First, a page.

Thursday, December 20, 2012

Letter #30 -- Philadelphia, Pa. -- December 20, 1862

The closeness of the Christmas season must have prompted John to write home more often with 3 letters written in less than a week and a half.  Sitting in a Philadelphia hospital 100 miles away from close, yet so far...must have been rather depressing.  The best way to boost his spirits was to write home, and get return letters.

Cured Smoked Sausage
In this letter, John answers his parent's question regarding sending food parcels to him in the hospital as a supplement for the wonderful army hospital food.  Interestingly enough, the response is much as you would expect...."no".  The doctors and nurses were very strict about soldiers eating outside food ostensibly to prevent food poisoning or patients who should not eat at all from doing so.  Food borne illnesses along with general sanitation issues could take a recovering patient to a fatal case of diarrhea in very short order.  However, it is ironic that the lack of modern day sanitation would not be understood in this period of history and food restrictions would be followed.

Liver Pudding

John refers to apples and to sausage, which in the Pennsylvania German tradition would be smoked and cured leaving it fairly safe to transport and eat later.  Also, he refers to "pudding", which is a term that is still used today in Pennsylvania.  Pudding is a liver ring sausage that is usually mixed with meal and cured.  It has a rather unappealing gray color, but is has a wonderful taste.  My father loves it and I try to buy him a ring whenever I am at the Dutch market.

The last part of the letter is a small note to his younger sister, Elizabeth, who's boyfriend (beau) has been drafted into the war.  He sends her comforting words and sympathizes with her pain.  All-in-all, a touching note from a big brother.

And now...Letter #30....

                                                                                                December the 20, 1862

My Dear Father and Mother,

                        I take my pen in hand to inform this few lines to you to let you know that I am well at present time and I hope that these few lines will find you in the same state of good health.  Further I let you know that I received your letter and was very glad to hear from you and to hear that you are well at the same time and I received the ten dollars also in the letter last night form Georgetown.  You stated in your letter that I should write to you if I dast (dare) eat any sausage and apples and if so you would send a box to me.  I do let you know that I dast eat anything that I like and I would like to have some pudding and some sausage but you better not send it to me as long as I am in this hospital here for the doctors don’t allow anything to come in here or be fetched in by anybody.  They are very strict here about anything like that.  So you better not send it to me now.  If I am out of the hospital once, then you can send one to me but I am very thankful for your kindness and I am very glad to hear that you haven’t forgot me yet as I hope you never will.  So I don’t know much more to write t o you for this time.  These few lines are from your dear friend or rather son.  Answer this letter soon and don’t forget it.  This from your respectful son.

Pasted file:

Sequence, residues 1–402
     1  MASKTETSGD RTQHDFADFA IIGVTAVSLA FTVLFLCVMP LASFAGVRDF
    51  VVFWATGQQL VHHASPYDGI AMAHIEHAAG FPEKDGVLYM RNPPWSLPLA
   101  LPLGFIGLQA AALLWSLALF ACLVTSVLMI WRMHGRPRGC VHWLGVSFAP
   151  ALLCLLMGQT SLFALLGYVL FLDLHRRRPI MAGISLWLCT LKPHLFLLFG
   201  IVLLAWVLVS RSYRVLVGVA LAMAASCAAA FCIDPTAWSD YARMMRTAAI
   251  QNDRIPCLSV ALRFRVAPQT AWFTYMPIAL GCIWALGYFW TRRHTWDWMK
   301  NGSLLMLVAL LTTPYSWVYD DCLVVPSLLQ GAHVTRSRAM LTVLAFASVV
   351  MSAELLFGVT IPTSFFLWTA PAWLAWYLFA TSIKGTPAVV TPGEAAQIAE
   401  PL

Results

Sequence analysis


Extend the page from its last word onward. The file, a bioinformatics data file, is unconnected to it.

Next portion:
John W. Derr

My Dear Sister Elizabeth, I am sorry to hear that your boe (beau) is going to war but I wish you would let me know in what Regt. That he is and what company for I would like to write a letter to him or if he is at Fredericksburg it might be very likely that (I) could get to see him for I think I must soon leave the hospital and go to my Regt.  These few lines from your brother John W. Derr.

Direct your letter to the United States Army Hospital, Corner of Broad & Cherry Street, Philadelphia, Ward F.

Jim D.

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